Yeakell and Gardner's landmark map of Sussex
- A Topographical Map of the County of Sussex, Divided into Rapes, Deaneries and Hundreds, Planned from an Actual Survey..
- GARDNER, W., YEAKELL, T., and GREAM, Thomas
- Publication place
- Publication date
- 780 by 1000mm (30.75 by 39.25 inches).
Engraved map, mounted on linen, hand coloured.
Thomas Yeakell and William Gardner first published their map in four sheets between 1778 and 1783, on a scale of two inches to the mile. The map drew on the massive advance in surveying techniques being made at this time which would be utilised in the first Ordnance Survey maps of the early nineteenth century. It proved a landmark map of the county and of large scale mapping in this country in general.
Yeakell and Gardner were originally employed by Charles Lennox, 3rd Duke of Richmond, on his Goodwood estate. In 1782 the Duke was appointed Master General of the Ordnance and brought Gardner with him, who became Chief Surveying Draughtsman. In 1791 Gardner produced a revised version of the map of Sussex at one inch to the mile, using data collected from the triangulated surveys of the OS, with the help of Thomas Gream, Yeakell having died in 1787. Appearing six years before the first official Ordnance Survey map, of Kent, this edition was the first ever map to be published based on their surveys.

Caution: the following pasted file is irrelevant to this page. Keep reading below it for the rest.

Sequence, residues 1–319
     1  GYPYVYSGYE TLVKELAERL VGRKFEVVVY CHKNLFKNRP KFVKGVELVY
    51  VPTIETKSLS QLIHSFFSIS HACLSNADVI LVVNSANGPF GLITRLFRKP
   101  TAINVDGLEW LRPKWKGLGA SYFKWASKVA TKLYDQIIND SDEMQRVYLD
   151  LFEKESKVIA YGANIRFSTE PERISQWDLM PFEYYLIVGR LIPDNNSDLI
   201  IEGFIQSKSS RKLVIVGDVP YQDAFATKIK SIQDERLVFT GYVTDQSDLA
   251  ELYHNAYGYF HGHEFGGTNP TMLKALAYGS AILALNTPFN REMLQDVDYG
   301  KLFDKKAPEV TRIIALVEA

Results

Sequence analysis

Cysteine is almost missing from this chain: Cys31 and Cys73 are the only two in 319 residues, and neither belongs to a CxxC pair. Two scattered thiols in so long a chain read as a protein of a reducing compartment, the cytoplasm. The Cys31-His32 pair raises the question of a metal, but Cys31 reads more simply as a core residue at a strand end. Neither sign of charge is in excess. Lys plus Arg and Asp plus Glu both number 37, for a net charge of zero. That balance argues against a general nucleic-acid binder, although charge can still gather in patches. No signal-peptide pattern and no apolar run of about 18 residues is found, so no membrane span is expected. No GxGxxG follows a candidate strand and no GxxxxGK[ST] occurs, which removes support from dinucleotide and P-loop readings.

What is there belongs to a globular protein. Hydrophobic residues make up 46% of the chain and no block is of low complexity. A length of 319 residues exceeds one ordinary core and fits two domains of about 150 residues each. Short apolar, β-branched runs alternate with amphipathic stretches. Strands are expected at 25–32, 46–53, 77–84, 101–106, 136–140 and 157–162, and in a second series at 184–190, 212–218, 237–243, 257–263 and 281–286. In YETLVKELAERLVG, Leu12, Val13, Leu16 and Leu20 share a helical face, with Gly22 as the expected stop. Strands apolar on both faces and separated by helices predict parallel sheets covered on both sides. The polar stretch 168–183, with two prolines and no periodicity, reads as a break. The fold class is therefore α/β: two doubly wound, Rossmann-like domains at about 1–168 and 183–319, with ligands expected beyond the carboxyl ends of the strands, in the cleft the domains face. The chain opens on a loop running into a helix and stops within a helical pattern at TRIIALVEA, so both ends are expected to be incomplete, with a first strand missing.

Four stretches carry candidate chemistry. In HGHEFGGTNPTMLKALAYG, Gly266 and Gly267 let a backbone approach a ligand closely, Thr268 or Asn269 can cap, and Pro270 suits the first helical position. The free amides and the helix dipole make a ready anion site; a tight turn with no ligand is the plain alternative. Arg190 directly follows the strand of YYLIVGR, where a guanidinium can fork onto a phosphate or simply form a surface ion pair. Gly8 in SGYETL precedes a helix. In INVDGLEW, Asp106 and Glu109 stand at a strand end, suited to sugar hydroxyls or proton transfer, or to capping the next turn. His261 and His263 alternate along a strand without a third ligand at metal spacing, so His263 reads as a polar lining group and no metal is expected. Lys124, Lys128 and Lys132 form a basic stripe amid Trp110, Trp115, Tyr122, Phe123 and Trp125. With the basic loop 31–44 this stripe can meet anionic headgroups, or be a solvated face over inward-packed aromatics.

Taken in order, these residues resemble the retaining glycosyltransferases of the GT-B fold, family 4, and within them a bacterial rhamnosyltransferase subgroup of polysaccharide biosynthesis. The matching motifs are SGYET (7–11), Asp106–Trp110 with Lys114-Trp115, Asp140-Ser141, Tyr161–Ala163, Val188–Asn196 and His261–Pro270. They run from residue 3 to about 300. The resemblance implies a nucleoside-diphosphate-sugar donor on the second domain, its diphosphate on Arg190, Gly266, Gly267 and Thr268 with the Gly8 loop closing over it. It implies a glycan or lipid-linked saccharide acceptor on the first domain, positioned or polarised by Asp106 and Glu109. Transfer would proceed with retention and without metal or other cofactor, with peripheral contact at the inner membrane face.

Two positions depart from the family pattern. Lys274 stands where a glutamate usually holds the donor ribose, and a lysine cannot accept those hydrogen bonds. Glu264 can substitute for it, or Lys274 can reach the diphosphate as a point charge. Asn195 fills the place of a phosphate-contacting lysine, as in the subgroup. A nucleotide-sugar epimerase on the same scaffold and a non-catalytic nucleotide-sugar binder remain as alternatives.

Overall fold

The present example is the second state, although the first was probably never offered for sale. Kingsley observes that the first state was a proof with no title, dedication or scale.